Illinois high court affirms criminal contempt convictions of E2 nightclub owners By Adam W. Lasker May 2013 LawPulse, Page 222 The Illinois Supreme Court reversed a ruling that vacated criminal contempt convictions against the owners of a Chicago nightclub where 21 people were killed in a stampede.
Interpreting federal statutes in state court: the high court speaks By Adam W. Lasker April 2013 LawPulse, Page 170 What happens when state and federal courts disagree about how to interpret a federal statute? The Illinois Supreme Court tackled this difficult question in a recent ruling.
Suit barred for plaintiffs who ‘came to the nuisance’ of fly-infested cattle farm By Adam W. Lasker April 2013 LawPulse, Page 170 The Illinois Supreme Court held that the Farm Nuisance Suit Act barred recovery for plaintiffs who acquired a house across the road from a fly-infested cattle farm.
Illinois Supreme Court Rule Changes: The Year So Far By Michele M. Jochner October 2011 Article, Page 520 From new IOLTA rules to a new official citation system, a range of important supreme court rule changes took effect from January through September of 2011.
Briefer Briefs: Writing and Speaking Tips from the Supreme Court By Tom Gaylord July 2011 Column, Page 368 Interviews with Supreme Court justices about effective advocacy are themselves good models.
Vendor-neutral citation comes to Illinois By Helen W. Gunnarsson July 2011 LawPulse, Page 330 Beginning July 1, the official version of Illinois opinions will be published publicly on the court's website, not privately in bound volumes.
Class action suit for airline baggage fees moot for lack of pending class certification June 2011 Illinois Law Update, Page 286 The Illinois Supreme Court on March 24, 2011, held that a class action suit involving airline baggage fees was moot because "no motion for class certification was pending" when the airline tendered full relief to the passenger. *5.
The Power of Pre-Suit Discovery: Supreme Court Rule 224 By Timothy J. Harris March 2011 Article, Page 136 Pre-suit discovery under SCR 224 is a powerful and underused way to identify potential parties, investigate an incident, protect evidence, and avoid secondary spoliation claims.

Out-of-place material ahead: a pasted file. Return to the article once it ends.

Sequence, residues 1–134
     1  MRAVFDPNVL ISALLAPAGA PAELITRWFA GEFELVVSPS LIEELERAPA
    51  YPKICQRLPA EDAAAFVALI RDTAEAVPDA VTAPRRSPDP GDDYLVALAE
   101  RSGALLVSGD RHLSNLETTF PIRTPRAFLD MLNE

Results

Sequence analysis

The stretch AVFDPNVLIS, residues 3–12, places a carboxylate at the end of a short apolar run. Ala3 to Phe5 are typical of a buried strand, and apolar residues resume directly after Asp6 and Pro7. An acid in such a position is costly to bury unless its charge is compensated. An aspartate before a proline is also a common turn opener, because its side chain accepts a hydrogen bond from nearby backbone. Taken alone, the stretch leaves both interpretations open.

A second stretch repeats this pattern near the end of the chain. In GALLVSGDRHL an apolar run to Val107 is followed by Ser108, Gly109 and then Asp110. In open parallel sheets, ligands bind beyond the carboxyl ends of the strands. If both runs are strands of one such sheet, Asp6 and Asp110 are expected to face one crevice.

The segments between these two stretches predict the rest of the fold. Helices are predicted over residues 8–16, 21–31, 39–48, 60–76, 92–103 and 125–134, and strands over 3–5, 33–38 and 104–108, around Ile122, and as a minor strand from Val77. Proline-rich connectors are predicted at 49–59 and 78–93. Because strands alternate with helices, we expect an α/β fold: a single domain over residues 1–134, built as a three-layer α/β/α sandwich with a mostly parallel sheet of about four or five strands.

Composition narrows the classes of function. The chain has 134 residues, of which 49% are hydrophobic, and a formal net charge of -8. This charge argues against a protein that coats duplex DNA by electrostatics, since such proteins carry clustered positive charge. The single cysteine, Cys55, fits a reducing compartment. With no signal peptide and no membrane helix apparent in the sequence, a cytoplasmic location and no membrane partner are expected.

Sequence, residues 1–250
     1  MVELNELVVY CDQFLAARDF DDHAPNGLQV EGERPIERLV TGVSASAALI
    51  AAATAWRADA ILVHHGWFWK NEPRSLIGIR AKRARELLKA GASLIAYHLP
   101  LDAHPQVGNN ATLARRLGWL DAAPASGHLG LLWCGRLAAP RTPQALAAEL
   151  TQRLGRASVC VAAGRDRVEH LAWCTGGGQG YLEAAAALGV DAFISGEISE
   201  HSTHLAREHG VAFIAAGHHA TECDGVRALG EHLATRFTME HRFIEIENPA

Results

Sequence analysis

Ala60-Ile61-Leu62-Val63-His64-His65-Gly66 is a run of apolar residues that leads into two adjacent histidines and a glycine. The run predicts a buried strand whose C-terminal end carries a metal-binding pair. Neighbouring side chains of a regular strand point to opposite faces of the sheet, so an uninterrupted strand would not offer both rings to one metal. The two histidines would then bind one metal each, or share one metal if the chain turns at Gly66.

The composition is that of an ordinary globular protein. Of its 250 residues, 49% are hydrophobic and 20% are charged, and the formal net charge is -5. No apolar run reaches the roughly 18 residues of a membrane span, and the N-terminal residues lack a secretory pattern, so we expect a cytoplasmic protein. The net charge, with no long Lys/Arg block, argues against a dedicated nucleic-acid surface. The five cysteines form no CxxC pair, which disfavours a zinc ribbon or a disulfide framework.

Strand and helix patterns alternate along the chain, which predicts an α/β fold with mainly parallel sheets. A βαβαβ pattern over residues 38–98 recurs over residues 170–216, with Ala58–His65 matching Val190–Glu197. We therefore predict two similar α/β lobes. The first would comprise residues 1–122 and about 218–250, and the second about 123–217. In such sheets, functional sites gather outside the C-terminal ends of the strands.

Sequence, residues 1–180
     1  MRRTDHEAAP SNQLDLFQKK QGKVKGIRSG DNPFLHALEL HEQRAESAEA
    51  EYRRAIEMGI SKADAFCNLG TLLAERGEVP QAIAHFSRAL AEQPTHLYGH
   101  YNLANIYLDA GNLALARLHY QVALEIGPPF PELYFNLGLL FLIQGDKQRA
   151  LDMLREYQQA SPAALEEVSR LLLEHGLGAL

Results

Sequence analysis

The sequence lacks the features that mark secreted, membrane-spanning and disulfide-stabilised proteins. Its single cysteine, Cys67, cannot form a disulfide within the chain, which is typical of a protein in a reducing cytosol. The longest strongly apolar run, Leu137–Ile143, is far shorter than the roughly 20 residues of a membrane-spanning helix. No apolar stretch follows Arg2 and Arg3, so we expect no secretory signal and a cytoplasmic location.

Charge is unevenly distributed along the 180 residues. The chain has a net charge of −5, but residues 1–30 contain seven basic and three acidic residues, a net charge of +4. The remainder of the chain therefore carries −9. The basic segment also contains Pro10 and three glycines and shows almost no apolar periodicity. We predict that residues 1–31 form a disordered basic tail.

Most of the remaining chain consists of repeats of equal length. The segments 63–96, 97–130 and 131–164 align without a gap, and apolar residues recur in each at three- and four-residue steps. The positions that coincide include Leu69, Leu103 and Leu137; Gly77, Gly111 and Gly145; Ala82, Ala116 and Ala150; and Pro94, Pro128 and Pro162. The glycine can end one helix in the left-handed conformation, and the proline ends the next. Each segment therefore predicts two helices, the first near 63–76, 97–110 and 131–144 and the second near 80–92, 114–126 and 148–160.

“He Remembers His Roots” By Helen W. Gunnarsson February 2011 Article, Page 76 A former legal aid lawyer and sole practitioner from rural beginnings settles into the role of Illinois' chief justice.
Berry and discovery depositions: hard cases make new rules By Helen W. Gunnarsson January 2011 LawPulse, Page 10 The Illinois Supreme Court amends Rule 212 by expanding the permissible uses of discovery depositions to cases where the deponent is a party and has died before trial.
Putting the “hearing” in public hearings By Helen W. Gunnarsson December 2010 LawPulse, Page 610 A lawyer's testimony in the supreme court committee hearing on the new evidence rules produces results.
Committee charged with helping improve Illinois’ mental health courts By Helen W. Gunnarsson July 2010 LawPulse, Page 342 The supreme court has asked the committee to make recommendations for better information sharing, training for judges, and other improvements.
A chiropractor is a “physician” under Illinois Supreme Court Rule 204(c) May 2010 Illinois Law Update, Page 236 On February 25, 2010, the Appellate Court of Illinois, First District, affirmed in part and vacated in part the decision of the Circuit Court of Cook County, which ruled that an hourly fee of $66.95 for a deposition was reasonable for a chiropractor and entered a contempt order against the chiropractor for refusing to comply with the court's discovery order.
The Discovery Deposition and Disfavored Evidence By Joanne Hannaway Sweeney and Benjamin J. Wimmer November 2009 Article, Page 576 A recent amendment to the Illinois Supreme Court Rules obscures the purpose of the discovery deposition and the range of its uses